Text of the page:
The most obvious byproduct of the film is a mini-folk revival that encourages Americans to revisit the blues and reclaim overlooked genres such as bluegrass. Listeners today may still be navigating the half-life of this resurgence in the lingering radio yawp of Caamp, the Lumineers, Mumford & Sons, and their imitators.

But beyond reviving interest in musical Americana, the film gets many things right about the American South. At first glance, the politicians in O Brother appear to be cartoonish, attention-seeking buffoons who seem to have no parallel in postwar American history. I mean, putting yourself back in the year 2000, could you imagine Bob Dole or Al Gore acting like that?

Now, in these times of the Trump administration, we understand that cartoonish buffoons not only capture attention but get elected to the highest offices in the land. From a historical standpoint, we now know that large segments of the country have been electing cads for some time, many of whom, like governors Pappy O'Daniel in Texas (memorably depicted by Charles Dunning in the film), Jimmie Davis in Louisiana, Big Jim Folsom in Alabama, and Fiddlin' Bob Taylor in Tennessee, actually performed country music to get elected.

These figures, so deftly satirized in O Brother, were pioneers in combining celebrity, entertainment, and political ambitions generations before Ronald Reagan, Trump, and Arnold Schwarzenegger, as I relate in my recent book I'd Fight the World: A Political History of Old Time, Hillbilly, and Country Music. Like villain Homer Stokes (Wayne Duvall) in the film, Big Jim even hauled out a bucket and mop pledging to "clean out the capitol", some 68 years before Trump and his promises about draining the Washington, D.C. "swamp".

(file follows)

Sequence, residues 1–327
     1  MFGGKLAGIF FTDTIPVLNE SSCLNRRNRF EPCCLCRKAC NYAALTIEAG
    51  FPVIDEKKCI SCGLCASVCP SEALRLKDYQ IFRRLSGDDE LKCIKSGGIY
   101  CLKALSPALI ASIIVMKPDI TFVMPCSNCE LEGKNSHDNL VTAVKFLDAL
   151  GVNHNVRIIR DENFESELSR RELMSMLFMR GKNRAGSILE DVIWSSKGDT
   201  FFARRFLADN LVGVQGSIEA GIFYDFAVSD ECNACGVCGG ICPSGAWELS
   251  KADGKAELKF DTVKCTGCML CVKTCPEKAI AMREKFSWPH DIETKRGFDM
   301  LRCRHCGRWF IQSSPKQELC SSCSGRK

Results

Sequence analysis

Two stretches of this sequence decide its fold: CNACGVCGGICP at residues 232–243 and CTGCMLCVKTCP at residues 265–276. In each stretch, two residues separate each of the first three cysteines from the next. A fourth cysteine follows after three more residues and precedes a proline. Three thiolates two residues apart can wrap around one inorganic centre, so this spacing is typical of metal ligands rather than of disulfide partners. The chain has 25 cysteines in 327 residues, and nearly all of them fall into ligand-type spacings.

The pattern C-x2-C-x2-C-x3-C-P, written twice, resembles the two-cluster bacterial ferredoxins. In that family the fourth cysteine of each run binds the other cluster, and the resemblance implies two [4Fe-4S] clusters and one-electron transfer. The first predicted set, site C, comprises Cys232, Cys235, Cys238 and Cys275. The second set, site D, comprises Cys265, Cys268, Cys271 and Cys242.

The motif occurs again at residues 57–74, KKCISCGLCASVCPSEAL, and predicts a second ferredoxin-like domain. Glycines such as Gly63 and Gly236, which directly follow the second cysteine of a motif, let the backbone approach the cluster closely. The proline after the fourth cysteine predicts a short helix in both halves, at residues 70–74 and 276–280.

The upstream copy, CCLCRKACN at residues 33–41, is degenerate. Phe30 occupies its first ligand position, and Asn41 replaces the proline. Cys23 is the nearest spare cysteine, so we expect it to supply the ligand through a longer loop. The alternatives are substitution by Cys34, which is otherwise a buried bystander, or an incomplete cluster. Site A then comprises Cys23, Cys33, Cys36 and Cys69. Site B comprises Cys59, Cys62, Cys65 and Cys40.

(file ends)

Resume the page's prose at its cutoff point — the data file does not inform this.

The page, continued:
Then there's the Greek mythology thing. The Coens must have been divining the fustiest crannies of Southern gentility when writing that—for upper-class white Southerners in the late 19th and early 20th century were simply gaga for the Classics. We all know of the Doric columns on Gone with the Wind's Terra, but four Southern cities and college towns were vying to be "Athens of the South" while builders were erecting Greek-influenced Plantation Revival architecture faster than Huey Long could skim the Louisiana state coffers. Nashville even erected a full-scale replica of the Parthenon, complete with an intact 40 foot tall statue of the goddess Athena!

You see, when the planters of the Old South met up with the industrialists of the New, Ancient Greece was appealing: a mythically democratic yet decidedly nonegalitarian slave-owning society. The Confederate monuments that protestors are toppling today are often drawn from the same font of Greco-Roman influences, especially in their depictions of women as goddesses and allegorical figures.

O Brother falls down a bit when it comes to actual depictions of Black people. Critics such as Matthew W. Hughey have attacked the film for offering abbreviated and uni-dimensional portraits of its few notable Black characters: bluesman Tommy Johnson and an unnamed blind seer. The Johnson character, an on-again-off-again comrade of the three white heroes played by talented musician Chris Thomas King, is a mashup of the real-life blues performers Tommy Johnson and Robert Johnson, whose supposed deal with the devil O Brother touts uncritically. The blind prophet (Lee Weaver), on the other hand, can be read as a simple spinoff of the "Magical Negro", that silver screen stereotype whose race appears to give him affinity with strange or spiritual forces.